source: European Journal of Human Genetics
Jørgensen A, Fagerheim T, Rand-Hendriksen S, Lunde PI, Vorren TO, Pepin MG, Leistritz DF, Byers PH
Vascular Ehlers-Danlos Syndrome (vEDS), also known as EDS type IV, is considered to be an autosomal dominant disorder caused by sequence variants in COL3A1, which encodes the chains of type III procollagen. We identified a family in which there was marked clinical variation with the earliest death due to extensive aortic dissection at age 15 years and other family members in their eighties with no complications. The proband was born with right-sided clubfoot but was otherwise healthy until he died unexpectedly at 15 years. His sister, in addition to signs consistent with vascular EDS, had bilateral frontal and parietal polymicrogyria. The proband and his sister each had two COL3A1 sequence variants, c.1786C>T, p.(Arg596*) in exon 26 and c.3851G>A, p.(Gly1284Glu) in exon 50 on different alleles. Cells from the compound heterozygote produced a reduced amount of type III procollagen, all the chains of which had abnormal electrophoretic mobility. Biallelic sequence variants have a significantly worse outcome than heterozygous variants for either null mutations or missense mutations, and frontoparietal polymicrogyria may be an added phenotype feature. This genetic constellation provides a very rare explanation for marked intrafamilial clinical variation due to sequence variants in COL3A1.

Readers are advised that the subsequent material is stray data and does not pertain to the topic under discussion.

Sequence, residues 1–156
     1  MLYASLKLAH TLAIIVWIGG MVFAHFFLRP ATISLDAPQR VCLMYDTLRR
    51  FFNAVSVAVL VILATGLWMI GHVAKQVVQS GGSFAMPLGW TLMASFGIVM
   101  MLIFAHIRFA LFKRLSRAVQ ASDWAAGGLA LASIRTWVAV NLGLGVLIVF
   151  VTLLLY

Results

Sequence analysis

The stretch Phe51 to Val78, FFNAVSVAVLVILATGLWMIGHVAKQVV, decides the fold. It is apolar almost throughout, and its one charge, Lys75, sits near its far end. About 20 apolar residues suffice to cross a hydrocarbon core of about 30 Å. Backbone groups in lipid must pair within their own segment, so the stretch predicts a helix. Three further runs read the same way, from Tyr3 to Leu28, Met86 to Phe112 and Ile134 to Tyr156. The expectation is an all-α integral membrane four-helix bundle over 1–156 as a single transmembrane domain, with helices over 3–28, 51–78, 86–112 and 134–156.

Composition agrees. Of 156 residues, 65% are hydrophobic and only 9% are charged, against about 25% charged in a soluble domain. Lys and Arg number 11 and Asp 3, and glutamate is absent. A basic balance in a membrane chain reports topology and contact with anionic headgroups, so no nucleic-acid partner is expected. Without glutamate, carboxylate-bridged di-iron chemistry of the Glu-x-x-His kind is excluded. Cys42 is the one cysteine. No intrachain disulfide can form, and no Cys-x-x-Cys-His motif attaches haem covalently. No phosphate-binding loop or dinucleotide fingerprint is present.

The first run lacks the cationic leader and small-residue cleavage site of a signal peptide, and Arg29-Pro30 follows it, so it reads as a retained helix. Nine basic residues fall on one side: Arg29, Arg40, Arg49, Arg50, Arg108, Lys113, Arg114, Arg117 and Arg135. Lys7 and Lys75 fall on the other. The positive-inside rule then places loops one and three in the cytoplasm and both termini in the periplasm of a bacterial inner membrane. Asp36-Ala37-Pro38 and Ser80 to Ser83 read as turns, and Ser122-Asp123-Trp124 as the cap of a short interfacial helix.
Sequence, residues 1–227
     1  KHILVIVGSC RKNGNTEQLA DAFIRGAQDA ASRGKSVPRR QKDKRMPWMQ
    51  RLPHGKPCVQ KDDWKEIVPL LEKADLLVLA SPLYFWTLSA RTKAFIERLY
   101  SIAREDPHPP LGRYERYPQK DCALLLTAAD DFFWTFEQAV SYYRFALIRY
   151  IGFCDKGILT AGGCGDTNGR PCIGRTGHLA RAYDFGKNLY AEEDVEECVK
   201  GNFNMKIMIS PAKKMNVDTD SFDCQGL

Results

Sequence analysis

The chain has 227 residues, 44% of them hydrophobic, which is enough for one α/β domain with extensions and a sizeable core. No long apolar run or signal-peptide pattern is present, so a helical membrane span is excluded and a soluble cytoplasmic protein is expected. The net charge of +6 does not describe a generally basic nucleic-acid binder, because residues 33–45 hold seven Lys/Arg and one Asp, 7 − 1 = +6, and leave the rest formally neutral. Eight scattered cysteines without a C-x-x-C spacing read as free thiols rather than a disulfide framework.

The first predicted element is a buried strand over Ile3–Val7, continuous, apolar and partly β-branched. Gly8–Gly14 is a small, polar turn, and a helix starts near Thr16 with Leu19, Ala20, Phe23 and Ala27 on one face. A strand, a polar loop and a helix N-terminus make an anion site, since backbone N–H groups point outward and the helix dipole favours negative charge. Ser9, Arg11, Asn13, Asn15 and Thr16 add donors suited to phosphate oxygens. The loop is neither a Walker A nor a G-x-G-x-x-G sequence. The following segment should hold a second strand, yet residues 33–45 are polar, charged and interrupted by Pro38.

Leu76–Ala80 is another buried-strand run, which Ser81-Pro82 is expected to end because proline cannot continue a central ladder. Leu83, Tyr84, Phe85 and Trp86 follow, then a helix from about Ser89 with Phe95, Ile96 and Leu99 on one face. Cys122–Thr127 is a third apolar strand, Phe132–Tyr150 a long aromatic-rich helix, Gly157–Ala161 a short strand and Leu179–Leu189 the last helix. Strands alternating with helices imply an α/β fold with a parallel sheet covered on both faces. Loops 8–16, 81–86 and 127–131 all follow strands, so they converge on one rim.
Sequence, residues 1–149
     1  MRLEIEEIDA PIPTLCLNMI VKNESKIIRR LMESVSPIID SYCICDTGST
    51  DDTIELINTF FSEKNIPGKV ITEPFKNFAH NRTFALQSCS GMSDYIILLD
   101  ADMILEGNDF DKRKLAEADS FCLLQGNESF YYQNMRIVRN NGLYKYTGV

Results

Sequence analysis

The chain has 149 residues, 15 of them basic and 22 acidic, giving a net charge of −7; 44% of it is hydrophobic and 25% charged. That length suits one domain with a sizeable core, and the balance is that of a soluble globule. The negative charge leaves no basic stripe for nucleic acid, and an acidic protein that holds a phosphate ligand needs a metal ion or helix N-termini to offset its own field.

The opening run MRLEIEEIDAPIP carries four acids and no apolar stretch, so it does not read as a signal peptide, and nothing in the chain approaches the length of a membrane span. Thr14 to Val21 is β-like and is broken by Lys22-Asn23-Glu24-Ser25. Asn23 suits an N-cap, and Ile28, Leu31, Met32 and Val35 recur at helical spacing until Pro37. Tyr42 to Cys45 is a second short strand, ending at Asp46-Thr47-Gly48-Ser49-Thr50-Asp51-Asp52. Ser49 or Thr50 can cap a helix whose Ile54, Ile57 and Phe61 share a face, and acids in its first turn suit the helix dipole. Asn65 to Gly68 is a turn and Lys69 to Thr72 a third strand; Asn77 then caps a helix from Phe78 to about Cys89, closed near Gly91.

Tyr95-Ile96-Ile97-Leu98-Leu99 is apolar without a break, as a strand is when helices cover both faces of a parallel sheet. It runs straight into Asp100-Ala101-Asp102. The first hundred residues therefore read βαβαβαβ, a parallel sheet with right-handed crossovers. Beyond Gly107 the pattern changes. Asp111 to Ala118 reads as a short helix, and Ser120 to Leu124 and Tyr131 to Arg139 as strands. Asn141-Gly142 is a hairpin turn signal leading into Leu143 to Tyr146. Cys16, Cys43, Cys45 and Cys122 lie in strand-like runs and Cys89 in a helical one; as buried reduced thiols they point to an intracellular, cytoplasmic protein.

University Hospital of North Norway; Sunnaas Rehabilitation Hospital; University of Washington
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